Summer is sizzling . . . and that means different things to different people. Many are rejoicing after a long winter lay off, with those grateful to be in employment once again, now that the tourist season, despite all the Covid restrictions, is finally up and running, albeit in a very low gear!
British and German holidaymakers had been descending on Mallorca as if nothing had happened, and the tourist industry was rubbing its hands with glee as cash registers were once again singing their favourite tune, yet not quite so loudly as in previous years.
Sadly, with constant and continual changes in Covid protocol and legislation, there are still many in despair as the island’s economy is a long way from recovery, with many struggling to keep failing businesses afloat and their heads above water.
People used to complain about the over-population of tourists and their presence on the island, particularly in Palma when the big ships sailed in, flooding the streets with rivers of ‘tour guide crocodiles’ who swept through the city in their droves with only one thing on their minds . . . shopping! - Regrettably, the entire cruise industry has been sorely crushed at present, and their passengers are sorely missed by many.
But apart from tourists flashing their cash, summer also offers a great opportunity for a different kind of flashing, especially in the clothing department when temperatures are currently soaring and people are seeking out suitably sheer yet often inappropriate garments to combat the heat and humidity.
And it’s not just the tourists on the sun baked promenades who take all the prizes in this showcased fashion event. Ex-pats and locals alike dive deeply and creatively into ancient drawers and the dark confines of forgotten wardrobes to resurrect old favourites. Some of these fashion statements barely pass as clothing during these sweltering summer months, yet do the job of keeping cool, perfectly.
I find it hard to believe there are actual retail outlets where some of these diaphanous summer creations can be purchased, although a majority, especially in the local villages, tend to look extremely hand-made. But a chiffon scarf can only be stretched so far before it starts battling with the darker side of imagination!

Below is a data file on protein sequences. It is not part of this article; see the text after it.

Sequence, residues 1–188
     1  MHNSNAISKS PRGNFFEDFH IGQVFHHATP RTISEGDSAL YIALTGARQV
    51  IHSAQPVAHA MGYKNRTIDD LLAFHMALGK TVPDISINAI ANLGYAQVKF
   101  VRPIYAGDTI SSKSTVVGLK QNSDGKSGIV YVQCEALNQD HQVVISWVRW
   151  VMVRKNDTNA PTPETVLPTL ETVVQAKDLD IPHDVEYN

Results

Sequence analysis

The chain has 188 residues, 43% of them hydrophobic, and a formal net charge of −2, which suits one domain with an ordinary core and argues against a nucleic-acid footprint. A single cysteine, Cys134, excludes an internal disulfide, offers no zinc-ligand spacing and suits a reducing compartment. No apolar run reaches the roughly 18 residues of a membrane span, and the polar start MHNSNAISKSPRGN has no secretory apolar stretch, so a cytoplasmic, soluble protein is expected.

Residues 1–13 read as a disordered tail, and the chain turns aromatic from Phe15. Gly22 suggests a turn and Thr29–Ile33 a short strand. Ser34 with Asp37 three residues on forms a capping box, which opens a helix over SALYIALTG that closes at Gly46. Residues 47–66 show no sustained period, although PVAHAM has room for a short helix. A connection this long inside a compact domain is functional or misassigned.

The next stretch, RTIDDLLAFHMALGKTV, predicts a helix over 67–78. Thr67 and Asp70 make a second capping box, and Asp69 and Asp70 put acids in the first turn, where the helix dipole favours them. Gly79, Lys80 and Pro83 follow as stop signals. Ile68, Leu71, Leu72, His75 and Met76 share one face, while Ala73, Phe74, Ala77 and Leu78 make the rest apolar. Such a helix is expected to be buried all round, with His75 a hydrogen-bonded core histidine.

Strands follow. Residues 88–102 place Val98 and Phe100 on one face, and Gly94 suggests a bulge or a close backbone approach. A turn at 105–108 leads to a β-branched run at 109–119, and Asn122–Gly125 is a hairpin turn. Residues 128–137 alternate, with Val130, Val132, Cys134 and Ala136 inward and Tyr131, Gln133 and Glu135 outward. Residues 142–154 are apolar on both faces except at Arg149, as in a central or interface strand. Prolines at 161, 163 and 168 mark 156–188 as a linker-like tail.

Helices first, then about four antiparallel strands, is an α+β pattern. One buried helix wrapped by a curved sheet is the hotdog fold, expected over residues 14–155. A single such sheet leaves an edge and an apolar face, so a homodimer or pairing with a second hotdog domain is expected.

Athletic young things undoubtedly get away with this minimal style of attire, and most would probably look great draped in a lettuce leaf. Two crocheted doilies held together with safety pins might feel light and airy, but do little for modesty, especially if you’re pushing 80! And men’s utility shorts that have survived both mothballs and the 1950’s don’t bode well flapping around ancient legs that would be more at home propping up runner beans. Besides, when reclining on a leisure chair, some of these ancient shorts tend to ‘ride’, and reveal much more than stringy thighs. Not a good look at any age, particularly in this steamy weather when you need every breath to combat the humidity!
Also, the aesthetically challenged should really think twice before donning the flighty and the flimsy. My advice is to leave the ‘see through’ for the x-ray department in casualty. It’s much safer in a clinically controlled environment! With all this additional flesh on display however, summer also means ‘biting bugs’, and this year we seem to be plagued with more than our fair share of stingers. And I don’t just mean mosquitos, imported or otherwise! This summer sizzler seems to have brought with it an invasion of ‘no-seeums’, a miniscule biting bug that can drive a person crazy with its persistent biting!
Ceratopogonidae (try saying that with a mouthful of marbles), commonly known as midges, are a family of miniscule flies also referred to as ‘no-seeums’ because they are so tiny and virtually invisible to the naked eye. A mere speck on your skin that you rarely notice, yet most certainly feel! These pesky pests deliver a sharp sting that rapidly becomes extremely itchy before swelling into an unsightly welt. The biting midge injects saliva into the skin which in some cases causes an allergic reaction that quickly develops into a hive or blister. Legs, ankles, hands and the back of the neck are the prime sites for bites, and reflex scratching can cause the blisters to break open causing further infection.
The best way to cope with a midge bite or any sting is to wash the affected area immediately with mild soap and water to rid the skin of any excess saliva. Then apply a compress of ice before using an antihistamine cream to address the itching. Aloe Vera, either natural or in gel form is another way to calm the affected area along with oral antihistamine medication if an allergic reaction is chronic. But sadly, these annoying midge and mosquito bites are very difficult to treat and often need to run their natural course which can take between three to five miserable days to dissipate. It’s a tough call.
A few summers ago we had a family member staying with us whose sensitive skin reacted so badly to mosquito and midge bites that she looked as if she had contracted some kind of infectious pox from the Middle Ages. Her legs and arms were totally covered in a collage of red blisters that began to resemble Rowntrees ‘jelly tots’. We actually considered giving her a bell to ring when she hobbled through the village to alert the locals.
Luckily, for some inexplicable reason I don’t get bitten that much myself , but Other Half gets eaten alive at the mere showing of a bare arm or leg. Trim ankles seem to be a delicacy. But you can’t spend summer wearing thick socks! Or can you? Maybe the perfect distraction from a sheer, tantalizing top?